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Ashley: Connecting with others to make healthy changes

Ashley Mitchell, a Jackson Care Connect memberConnecting with the right people at the right time can lead to pivotal changes in a person’s life. That’s what Jackson Care Connect member Ashley discovered when she met the staff at Rogue Retreat. When she first walked through their doors, she was suffering from a psychosis brought on by her addiction to alcohol and drugs. She says the staff, especially Enrollment Manager Sharleina Stein, let her talk and cry, and then convinced her to focus on getting help.

She took that advice to heart, and spent the next 87 days in inpatient care at Addictions Recovery Center. From there, she returned to Rogue Retreat to live at Heather’s Haven, a Rogue Retreat additions recovery group home for women, in July 2016. Priority placement at Heather’s Haven is given to Oregon Health Plan members who are covered by Jackson Care Connect, and as a Jackson Care Connect member, the costs for Ashley’s housing and case management were covered.

At first, Ashley found the transition overwhelming. She says that after years of instability, she didn’t know how to be responsible, and meeting the expectations that Rogue Retreat has in place for residents in recovery seemed daunting. Soon, though, she began to find her footing, and meet her goals. She met with her case manager once a week, attended life skills classes, and, with Rogue Retreat’s help, got her driver’s license reinstated. She also got connected to other resources in the community, to help her as she continued on her recovery, and began to find ways to take part in and serve her community.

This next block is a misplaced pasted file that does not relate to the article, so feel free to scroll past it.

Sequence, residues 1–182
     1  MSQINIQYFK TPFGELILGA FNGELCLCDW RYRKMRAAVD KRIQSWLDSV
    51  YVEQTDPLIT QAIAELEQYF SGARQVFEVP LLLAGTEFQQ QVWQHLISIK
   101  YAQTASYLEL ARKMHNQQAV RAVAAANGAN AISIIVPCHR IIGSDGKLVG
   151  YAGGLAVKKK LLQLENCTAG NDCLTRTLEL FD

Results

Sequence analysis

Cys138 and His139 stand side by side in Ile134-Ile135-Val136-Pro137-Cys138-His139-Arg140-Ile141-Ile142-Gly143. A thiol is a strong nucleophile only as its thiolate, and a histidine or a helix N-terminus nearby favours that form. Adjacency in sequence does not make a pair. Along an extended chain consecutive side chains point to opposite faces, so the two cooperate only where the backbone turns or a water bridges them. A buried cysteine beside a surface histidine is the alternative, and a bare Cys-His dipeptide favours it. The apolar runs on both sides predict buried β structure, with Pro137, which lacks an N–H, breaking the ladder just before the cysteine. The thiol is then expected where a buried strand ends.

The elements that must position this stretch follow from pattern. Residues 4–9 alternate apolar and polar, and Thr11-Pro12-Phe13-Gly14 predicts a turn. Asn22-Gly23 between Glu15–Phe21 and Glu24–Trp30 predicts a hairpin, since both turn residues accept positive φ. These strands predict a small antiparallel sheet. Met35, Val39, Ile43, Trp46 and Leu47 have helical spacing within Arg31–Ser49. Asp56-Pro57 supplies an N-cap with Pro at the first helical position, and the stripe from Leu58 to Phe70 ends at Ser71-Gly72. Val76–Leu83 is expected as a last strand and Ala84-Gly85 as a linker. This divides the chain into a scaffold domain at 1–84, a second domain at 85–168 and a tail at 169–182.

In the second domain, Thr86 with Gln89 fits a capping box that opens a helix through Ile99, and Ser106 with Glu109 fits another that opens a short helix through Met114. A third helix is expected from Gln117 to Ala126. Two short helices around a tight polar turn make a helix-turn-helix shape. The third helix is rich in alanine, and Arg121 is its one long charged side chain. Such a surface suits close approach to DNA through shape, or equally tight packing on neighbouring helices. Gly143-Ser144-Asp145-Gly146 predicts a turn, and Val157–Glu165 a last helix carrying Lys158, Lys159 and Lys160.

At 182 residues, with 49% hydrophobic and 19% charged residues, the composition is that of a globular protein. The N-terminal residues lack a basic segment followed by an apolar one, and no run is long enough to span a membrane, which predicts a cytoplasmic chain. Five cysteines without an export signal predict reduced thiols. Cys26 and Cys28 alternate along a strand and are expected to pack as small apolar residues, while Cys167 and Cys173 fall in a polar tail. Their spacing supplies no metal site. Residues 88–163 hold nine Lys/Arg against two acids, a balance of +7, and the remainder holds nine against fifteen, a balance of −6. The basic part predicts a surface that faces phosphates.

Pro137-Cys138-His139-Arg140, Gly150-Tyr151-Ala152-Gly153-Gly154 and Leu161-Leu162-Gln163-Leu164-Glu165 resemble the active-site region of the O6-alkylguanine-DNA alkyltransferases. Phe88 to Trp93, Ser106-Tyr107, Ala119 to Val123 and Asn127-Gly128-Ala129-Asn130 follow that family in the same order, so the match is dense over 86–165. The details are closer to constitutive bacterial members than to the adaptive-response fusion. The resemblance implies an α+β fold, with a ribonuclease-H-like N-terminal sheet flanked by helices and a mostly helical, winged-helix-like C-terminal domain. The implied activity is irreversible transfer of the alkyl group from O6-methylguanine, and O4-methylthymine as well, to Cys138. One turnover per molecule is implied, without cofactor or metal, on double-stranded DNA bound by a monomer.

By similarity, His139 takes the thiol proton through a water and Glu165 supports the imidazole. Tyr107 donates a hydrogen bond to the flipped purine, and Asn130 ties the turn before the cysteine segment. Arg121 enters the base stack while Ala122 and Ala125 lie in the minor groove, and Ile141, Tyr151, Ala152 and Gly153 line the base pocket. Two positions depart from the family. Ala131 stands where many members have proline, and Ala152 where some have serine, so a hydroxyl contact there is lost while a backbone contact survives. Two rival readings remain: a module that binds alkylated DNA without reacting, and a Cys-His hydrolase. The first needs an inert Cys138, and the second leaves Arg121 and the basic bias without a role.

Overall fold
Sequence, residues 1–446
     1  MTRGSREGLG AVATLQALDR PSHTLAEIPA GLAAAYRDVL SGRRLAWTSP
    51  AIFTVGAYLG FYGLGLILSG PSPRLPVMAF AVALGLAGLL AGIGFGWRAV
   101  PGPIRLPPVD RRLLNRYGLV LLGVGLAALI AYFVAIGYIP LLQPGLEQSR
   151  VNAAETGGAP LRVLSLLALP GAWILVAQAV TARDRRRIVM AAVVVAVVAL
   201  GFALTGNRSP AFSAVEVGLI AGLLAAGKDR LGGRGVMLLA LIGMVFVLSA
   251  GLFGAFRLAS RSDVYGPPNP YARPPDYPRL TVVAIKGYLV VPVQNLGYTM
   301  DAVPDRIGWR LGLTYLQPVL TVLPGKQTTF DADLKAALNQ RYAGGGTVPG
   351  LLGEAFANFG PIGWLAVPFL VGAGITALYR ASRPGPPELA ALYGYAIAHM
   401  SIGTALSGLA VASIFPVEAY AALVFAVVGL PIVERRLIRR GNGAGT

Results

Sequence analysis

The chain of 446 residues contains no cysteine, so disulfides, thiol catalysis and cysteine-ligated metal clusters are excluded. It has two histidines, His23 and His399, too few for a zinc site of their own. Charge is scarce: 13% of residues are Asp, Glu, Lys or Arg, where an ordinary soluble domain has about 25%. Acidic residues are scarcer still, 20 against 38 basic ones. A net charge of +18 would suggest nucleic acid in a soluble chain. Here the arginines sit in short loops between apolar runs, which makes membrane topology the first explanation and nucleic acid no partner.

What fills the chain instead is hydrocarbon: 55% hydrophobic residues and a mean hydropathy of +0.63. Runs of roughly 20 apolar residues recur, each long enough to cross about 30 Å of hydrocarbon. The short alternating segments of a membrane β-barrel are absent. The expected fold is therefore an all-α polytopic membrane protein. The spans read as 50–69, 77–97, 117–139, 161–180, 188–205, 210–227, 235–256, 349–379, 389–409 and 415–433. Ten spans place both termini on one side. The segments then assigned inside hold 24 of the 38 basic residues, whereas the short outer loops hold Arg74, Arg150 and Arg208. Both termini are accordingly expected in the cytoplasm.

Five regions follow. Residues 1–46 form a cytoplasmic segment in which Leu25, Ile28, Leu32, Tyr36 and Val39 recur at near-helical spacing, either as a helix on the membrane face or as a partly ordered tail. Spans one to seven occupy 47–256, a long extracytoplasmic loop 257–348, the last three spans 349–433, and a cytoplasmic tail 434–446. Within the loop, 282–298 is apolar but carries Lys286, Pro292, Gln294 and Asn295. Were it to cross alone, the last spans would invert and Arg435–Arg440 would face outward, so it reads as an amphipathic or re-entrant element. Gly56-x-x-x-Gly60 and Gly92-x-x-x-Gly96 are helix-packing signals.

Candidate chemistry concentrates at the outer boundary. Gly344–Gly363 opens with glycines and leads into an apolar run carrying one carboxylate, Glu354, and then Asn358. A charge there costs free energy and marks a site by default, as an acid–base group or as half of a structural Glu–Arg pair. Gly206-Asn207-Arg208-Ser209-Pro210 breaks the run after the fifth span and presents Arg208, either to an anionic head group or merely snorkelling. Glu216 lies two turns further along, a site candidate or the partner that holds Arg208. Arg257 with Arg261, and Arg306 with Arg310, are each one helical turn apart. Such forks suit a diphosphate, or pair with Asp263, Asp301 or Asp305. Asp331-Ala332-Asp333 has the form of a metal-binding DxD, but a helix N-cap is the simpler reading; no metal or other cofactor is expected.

Now at 31, with the help of Jackson Care Connect and Rogue Retreat, Ashley has turned her life around. She says, “For the first time in my life I’m an adult. I feel good. Rogue Retreat has given that to me.”

After more than 13 months sober, Ashley is grateful and optimistic. She has a job she loves, and has moved into Rogue Retreat’s apartments. She has bought a vehicle, and is planning to get her GED and pursue a career that gives back to others. Inspired by Ashley’s success, her fiancé also sought treatment, and he has now been sober for nearly a year.

Knowing that others can see her progress makes Ashley feel gratified and motivated: “It feels good to have staff members that who have seen you the whole time—who saw me when I was in addiction—tell me how far I’ve come. It feels good to know I was worth getting sober and worth getting treatment.”

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